IBM Acquires Equitant in BPTS Play

Looking to expand its financial services reach and consulting engagements
for business transformation, IBM announced Wednesday the purchase of
order-to-cash outsourcer Equitant.

The deal puts more industry expertise in the hands of the Armonk, N.Y.,
company’s business consulting services (BCS) division and its business
performance transformation services (BPTS) strategy. BPTS is a major
initiative
to marry business and technology services that started with
the buyout
of PwC Consulting for $3.5 billion in 2002.

Chris Gattenio, a spokeswoman for Equitant, said no jobs at its offices in
Dublin and Stamford, Conn., will be affected by the acquisition. She also
said the deal, which is expected to close in March pending regulatory
approval, won’t affect its customer base, which includes Microsoft , Cisco Systems , HP and Lucent Technologies . Financial terms were not
released.

“We really believe that IBM now gives us and our clients access to their
global reach, their industry-leading services, business transformation
consultants, IBM research,” she said. “They have phenomenal resources that now our
clients will have access to.”

Order-to-cash is the part of the financial process that covers a customer’s
purchase of a product or service, from the moment it is ordered to receiving
payment. In between the two activities, Equitant provides software and
services to handle activities like order capture, dispute resolutions,
billing, collections and financial reporting and analysis.

The software, called O2C Direct, is broken into five parts — OpenPay,
AR Collect, Collaborative Dispute Resolution, Executive Dashboard and Cash
Application Enabler — and is available for view online by its customers.

As an outsourcer and consultant, Equitant assesses a company’s financial processes
and determines how O2C Direct would help their operations. It then takes over management,
either on or off site.

IBM will roll Equitant’s expertise into its own services, outsourcing and
BPTS offerings, which will, in turn, help its own customer base. Big Blue has been
touting the opportunities in the BPTS sector, especially since launching
new BPTS offerings from its BCS division last year.

The Equitant deal is the latest in a string of moves IBM has made
recently as it looks to build out more BPTS contracts.

Last month, IBM announced a three-and-a-half year contract with U.K.
insurer Norwich Union (NU), which calls for IBM to help roll out a new
“pay-as-you-drive” auto insurance program.

Dubbed the first of its kind in the industry, the plan is to
enable NU to use real-time analytics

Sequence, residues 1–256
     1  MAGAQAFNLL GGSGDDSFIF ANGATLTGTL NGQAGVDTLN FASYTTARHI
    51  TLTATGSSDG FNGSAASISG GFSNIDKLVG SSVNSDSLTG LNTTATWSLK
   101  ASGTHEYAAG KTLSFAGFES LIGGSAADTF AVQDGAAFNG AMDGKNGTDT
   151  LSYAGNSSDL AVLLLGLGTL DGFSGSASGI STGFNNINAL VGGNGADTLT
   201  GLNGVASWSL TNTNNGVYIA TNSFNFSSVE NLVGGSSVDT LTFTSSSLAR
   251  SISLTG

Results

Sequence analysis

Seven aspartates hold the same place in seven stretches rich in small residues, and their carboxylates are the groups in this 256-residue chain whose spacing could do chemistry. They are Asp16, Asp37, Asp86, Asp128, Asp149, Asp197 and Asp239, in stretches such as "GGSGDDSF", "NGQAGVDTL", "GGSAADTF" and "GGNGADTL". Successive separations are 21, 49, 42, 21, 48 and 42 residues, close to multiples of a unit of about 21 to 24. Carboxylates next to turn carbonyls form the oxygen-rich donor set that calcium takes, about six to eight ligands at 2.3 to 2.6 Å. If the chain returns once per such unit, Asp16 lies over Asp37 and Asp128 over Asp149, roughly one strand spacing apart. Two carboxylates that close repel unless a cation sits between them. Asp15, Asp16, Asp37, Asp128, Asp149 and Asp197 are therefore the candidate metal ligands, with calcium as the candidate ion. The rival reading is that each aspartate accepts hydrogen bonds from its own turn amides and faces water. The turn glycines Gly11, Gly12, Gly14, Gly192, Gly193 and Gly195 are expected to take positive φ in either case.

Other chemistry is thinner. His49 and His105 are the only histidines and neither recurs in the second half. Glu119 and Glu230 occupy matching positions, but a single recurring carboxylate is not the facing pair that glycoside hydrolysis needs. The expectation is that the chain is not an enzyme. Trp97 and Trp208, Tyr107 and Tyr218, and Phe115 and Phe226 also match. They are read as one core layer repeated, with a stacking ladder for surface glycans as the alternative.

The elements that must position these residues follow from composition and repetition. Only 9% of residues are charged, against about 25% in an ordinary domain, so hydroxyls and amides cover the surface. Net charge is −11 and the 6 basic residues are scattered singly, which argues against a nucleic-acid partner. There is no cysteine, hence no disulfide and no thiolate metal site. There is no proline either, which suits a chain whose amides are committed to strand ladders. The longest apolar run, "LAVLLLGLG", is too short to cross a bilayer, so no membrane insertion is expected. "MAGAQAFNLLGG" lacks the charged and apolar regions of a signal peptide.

and supercomputing systems in order to understand the precise risk incurred
by individual drivers, and then offer them variable rate insurance contracts
based on precise risk and individual customer characteristics. In the
process, officials said, the engagement is expected to help transform NU’s
enterprise.

Mike Adler, a managing partner within IBM’s BCS division, called the deal
one of the largest pure consulting contracts IBM has ever signed. Although
he declined to provide a value on the contract, analysts have pegged the
deal at around $100 million.

It includes a plan called Process Improvement, which will analyze and
improve existing business services and manage the deployment of new
processes to enable Norwich Union to deliver services more efficiently.

In addition, Business and Architecture work is slated to focus on how the new
real-time systems will be built. The third leg of the deal includes work on
how to deliver the services and systems, both externally and internally.

Adler noted that it’s not as though NU is starting from scratch in
transforming its legacy systems. But in this case, the engagement with IBM
means both will be looking at the company’s value chain and seeing where to
plan for change.

“It might be something that calls for developing a service oriented
architecture in order to help systems interact better with
legacy systems,” he said. But in general, he added, “the challenges in the
insurance industry are that legacy systems are so antiquated, much of the
customer knowledge is baked into the code. So when you want to launch a new
product, or respond to regulatory needs,” it’s a much slower process. “We
understand Web services and SOA” as a way to build real-time functions into
legacy systems, he added. “So we’re certainly going to complement
each other.”

IBM also recently purchased Liberty
Insurance Services
from RBC Insurance of Canada, and struck a deal
with RBC for assisting in contact center management, policy administration,
claims management and payment receipt and reconciliation.

At the time of the
announcement in November, IBM said the industry would seek to cut costs and
improve efficiency by outsourcing and that it expected life insurance processing
to be a $2 billion market by 2005.

In the deal with Equitant, IBM’s Donniel Schulman, a vice president in
its BCS group, said the clients are looking for
value in partnering with companies that can transform, manage and operate
finance and administration operations over a sustained period.

IBM, which competes with providers such as Accenture in the BPTS sector,
said it took in more than $3 billion alone in BPTS revenues in 2004.

Erin Joyce contributed to this story.

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